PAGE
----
You’ve locked yourself in your dorm to finish that Econ 101 assignment that’s due at midnight. You take a quick study break and go on Instagram. On your feed is a drool-worthy photo of your friend’s sushi from last night, and your stomach grumbles.

Your first instinct may be to check Postmates or UberEats, but what if there was an app exclusively for food that combined the best features of Postmates and Instagram? What if you could tap on your friend’s photo and order that exact dish all in one app? Self-proclaimed foodie and entrepreneur Matthew Bouchner (20B) has attempted to create just this app with MealMe

Bouchner’s story started in his Lafayette, La. kitchen when he was three years old. At age 11, Bouchner was already hosting a cooking show called “Lil’ Lagniappe” on Lafayette’s local channel Cox 4. It was while preparing Cajun cuisine on live television that Bouchner got his “first big break.”

Bouchner went on the show to promote a cookbook by the Junior League of Lafayette, a charitable women’s organization of which his mother was a member. The producers received Bouchner so well that they asked him to do four more segments of the show.

Bouchner’s foodie career continued into high school, when he created an Instagram account dedicated to the meals he cooked. Bouchner eventually took leave from his account, dissatisfied with the lack of food-centric social networking apps. Although he realized the difficulty of competing with Instagram to offer an app with food-based feeds, he began working toward a solution.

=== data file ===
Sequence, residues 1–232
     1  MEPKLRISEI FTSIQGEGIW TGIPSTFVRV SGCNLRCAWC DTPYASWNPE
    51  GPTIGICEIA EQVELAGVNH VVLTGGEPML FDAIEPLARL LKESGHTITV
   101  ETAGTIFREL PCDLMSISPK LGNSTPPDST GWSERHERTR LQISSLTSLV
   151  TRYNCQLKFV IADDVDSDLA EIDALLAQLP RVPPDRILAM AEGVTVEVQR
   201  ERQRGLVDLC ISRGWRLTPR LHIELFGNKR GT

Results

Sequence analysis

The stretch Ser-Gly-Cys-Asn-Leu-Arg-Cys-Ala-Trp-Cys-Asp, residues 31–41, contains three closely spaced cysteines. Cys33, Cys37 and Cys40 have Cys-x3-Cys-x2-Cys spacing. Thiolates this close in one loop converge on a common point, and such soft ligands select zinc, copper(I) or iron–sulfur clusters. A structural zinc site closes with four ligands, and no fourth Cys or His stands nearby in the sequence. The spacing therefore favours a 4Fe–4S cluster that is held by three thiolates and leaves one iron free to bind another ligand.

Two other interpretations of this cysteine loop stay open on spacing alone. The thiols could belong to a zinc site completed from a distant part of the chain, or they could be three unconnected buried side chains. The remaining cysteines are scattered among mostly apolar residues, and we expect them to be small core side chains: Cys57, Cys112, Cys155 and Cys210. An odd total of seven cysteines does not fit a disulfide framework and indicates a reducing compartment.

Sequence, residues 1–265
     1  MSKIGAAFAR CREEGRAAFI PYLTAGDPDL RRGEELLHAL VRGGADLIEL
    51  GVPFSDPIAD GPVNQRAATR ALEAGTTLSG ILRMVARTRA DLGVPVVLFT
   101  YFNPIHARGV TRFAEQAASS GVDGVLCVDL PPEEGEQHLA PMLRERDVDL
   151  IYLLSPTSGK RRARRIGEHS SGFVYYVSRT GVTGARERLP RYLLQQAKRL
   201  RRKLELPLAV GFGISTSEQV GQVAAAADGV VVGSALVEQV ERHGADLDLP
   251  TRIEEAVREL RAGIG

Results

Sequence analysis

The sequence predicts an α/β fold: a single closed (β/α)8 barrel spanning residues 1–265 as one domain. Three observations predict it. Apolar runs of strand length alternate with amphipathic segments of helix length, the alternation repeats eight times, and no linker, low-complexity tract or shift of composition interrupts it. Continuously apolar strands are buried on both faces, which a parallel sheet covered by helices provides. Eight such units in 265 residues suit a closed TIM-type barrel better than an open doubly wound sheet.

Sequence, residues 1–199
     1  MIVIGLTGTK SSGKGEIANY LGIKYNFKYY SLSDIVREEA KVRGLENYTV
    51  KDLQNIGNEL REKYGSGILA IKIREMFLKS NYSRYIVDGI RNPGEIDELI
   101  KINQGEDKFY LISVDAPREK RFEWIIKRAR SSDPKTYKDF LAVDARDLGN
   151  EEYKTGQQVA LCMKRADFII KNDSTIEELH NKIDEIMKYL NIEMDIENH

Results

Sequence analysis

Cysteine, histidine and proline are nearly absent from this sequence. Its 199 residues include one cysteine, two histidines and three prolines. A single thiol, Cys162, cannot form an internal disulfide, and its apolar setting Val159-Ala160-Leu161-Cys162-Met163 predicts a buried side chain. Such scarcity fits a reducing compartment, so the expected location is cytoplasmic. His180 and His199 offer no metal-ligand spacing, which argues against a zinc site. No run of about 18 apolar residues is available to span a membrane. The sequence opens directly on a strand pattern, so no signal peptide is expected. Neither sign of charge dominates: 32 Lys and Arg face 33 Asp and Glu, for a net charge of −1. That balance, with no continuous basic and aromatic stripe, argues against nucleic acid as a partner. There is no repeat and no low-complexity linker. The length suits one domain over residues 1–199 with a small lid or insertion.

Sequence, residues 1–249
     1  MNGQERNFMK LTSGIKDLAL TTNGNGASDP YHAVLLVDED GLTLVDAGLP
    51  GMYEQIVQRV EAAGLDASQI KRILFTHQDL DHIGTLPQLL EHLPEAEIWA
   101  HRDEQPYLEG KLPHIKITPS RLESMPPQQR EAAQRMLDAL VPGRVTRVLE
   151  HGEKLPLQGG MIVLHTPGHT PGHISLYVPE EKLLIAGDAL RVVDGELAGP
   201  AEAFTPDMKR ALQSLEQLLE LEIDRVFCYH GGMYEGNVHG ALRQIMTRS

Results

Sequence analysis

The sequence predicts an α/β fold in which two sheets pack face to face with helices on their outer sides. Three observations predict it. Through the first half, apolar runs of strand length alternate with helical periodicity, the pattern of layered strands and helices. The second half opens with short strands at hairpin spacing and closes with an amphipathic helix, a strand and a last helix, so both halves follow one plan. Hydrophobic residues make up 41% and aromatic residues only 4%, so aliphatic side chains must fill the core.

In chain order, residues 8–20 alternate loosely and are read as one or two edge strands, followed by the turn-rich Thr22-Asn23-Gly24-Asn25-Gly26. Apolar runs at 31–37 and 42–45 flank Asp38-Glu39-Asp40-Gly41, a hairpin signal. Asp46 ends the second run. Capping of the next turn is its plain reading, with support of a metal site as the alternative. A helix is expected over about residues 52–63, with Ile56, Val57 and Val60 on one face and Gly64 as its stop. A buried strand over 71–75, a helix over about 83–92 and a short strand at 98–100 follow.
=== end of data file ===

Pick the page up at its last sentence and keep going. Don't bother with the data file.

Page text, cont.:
Since high school, Bouchner has dedicated his time to creating a social networking app with built-in delivery and reservation booking services. MealMe allows users to post a picture of their meal, scroll through others’ photos and order the same dish — all within the same app. Users can find restaurants and reserve tables by filtering their photo feeds or using the search function. Filters also allow users to select specific locations and price ranges, while comparing delivery prices between services like UberEats.

Matthew Bouchner (20B), co-founder of MealMe./ Grace Shen, Contributer

The iOS-only app launched nationwide in August 2019 and is currently beta-testing with over 400 users through an app called “Test Flight.” Bouchner eventually plans to expand MealMe’s availability to Android and aims to officially launch it on Apple’s App Store by the end of 2019.

Bouchner credited his success in kicking off the app in December 2018 to the Emory Entrepreneurship and Venture Management (EEVM) “Excellerator,” a student-led incubator program for startups. The program led him to MealMe Co-Founder Will Said, a computer science student at the Georgia Institute of Technology (Georgia Tech).

Said was the perfect partner for Bouchner, who lacked computer science knowledge to code the app himself. The two met at the EEVM Excellerator after Bouchner posted a job opening on the Georgia Tech College of Computing website. After sensing their chemistry, Bouchner brought him onto the team.